Even if accessible solutions are implemented, if society is unaware of them, it may cause challenges


A qualitative study on how Danish landscape architectural firms understand and work with accessibility

Landscape architectural firms play an important role in the design of public urban and green spaces, as an accessible environment can help reduce the number of people who experience disability in their daily lives. Accessible urban and green areas are also one of the UN Sustainable Development Goals and therefore something the industry must prioritize.

A new multidisciplinary study examines Danish landscape architects work and knowledge of accessibility, the SDGs and the industry’s social responsibilities. The goal of the study is to characterize how landscape architectural firms comprehend and approach accessibility through 15 qualitative interviews with randomly selected firms of varied sizes across the country.

“A qualitative study on how Danish landscape architectural firms understand and work with accessibility” is written in collaboration with three members of the Bevica Foundation’s interdisciplinary PhD and postdoc network: Marie Christoffersen Gramkow, Marcus Tang Merit, and Ulrika Stigsdotter. The paper is published in Archnet-IJAR: International Journal of Architectural Research. 2022.


During the past decade Danish policies and legislation have increasingly focused on accessibility, which, by virtue of adopting the UN Sustainable Development Goals, has spurred new demands for the expertise of Danish landscape architects. Surveys indicate as much as 27% of the Danish population have a physical disability. Therefore, landscape architectural firms play an important role in designing accessible, public, and green spaces, which could reduce the number of people who experience disability in their everyday life arising from inaccessible designs. Despite this, peer reviewed research has not attempted to qualitatively understand how landscape architects approach accessibility in their daily practice. Based on a grounded theory analysis of 15 semi-structured qualitative interviews with randomly selected landscape architectural firms, this study aims to describe how landscape architectural firms approach and perceive accessibility. The results of the study show a complex understanding of accessibility among practising landscape architects with firms focusing on the role of Danish building regulations, the programming of accessibility, and professional aesthetic dilemmas. Moreover, accessibility is perceived with some frustration as an element that takes valuable space from green areas due to clients’ lack of willingness to provide resources for integrated solutions, landscape architects’ own limited expertise and knowledge of integrated accessibility solutions, and insufficient regulatory leeway. As accessibility is a major element of the tasks within contemporary landscape architecture, graduates need additional training in accessibility, which in turn necessitates additional research into accessible design solutions.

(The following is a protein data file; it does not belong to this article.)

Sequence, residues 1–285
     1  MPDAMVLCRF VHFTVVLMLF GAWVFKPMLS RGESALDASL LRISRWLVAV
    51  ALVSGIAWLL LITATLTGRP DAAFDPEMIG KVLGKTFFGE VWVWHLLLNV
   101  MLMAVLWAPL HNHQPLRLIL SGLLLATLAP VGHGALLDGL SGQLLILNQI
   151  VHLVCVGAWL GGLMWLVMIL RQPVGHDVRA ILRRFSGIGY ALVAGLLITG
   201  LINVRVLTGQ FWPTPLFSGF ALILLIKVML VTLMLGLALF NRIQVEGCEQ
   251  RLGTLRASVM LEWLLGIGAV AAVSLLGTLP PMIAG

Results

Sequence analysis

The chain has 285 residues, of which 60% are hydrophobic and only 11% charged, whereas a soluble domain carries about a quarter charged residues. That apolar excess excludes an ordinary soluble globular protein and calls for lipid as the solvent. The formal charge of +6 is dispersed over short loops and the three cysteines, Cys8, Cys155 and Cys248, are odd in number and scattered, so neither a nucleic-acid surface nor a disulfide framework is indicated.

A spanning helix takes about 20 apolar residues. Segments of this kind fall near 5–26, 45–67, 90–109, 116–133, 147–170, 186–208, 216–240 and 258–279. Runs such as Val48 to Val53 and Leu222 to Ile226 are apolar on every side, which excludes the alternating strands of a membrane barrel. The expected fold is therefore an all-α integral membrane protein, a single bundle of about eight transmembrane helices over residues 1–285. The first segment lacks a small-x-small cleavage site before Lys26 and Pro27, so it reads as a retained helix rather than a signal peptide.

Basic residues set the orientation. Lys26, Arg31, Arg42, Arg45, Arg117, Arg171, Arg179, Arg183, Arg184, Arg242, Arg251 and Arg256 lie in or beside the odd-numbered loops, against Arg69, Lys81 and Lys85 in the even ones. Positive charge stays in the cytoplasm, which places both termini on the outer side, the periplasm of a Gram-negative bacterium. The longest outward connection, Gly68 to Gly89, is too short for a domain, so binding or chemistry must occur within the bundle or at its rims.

You can read the research paper by clicking here.

Learn more

Read about Marie Christoffersen Gramkow’s research: Forest trails should be designed for canes, wheels and legs

Read about Marcus Tang Merit’s research: When universal design becomes a business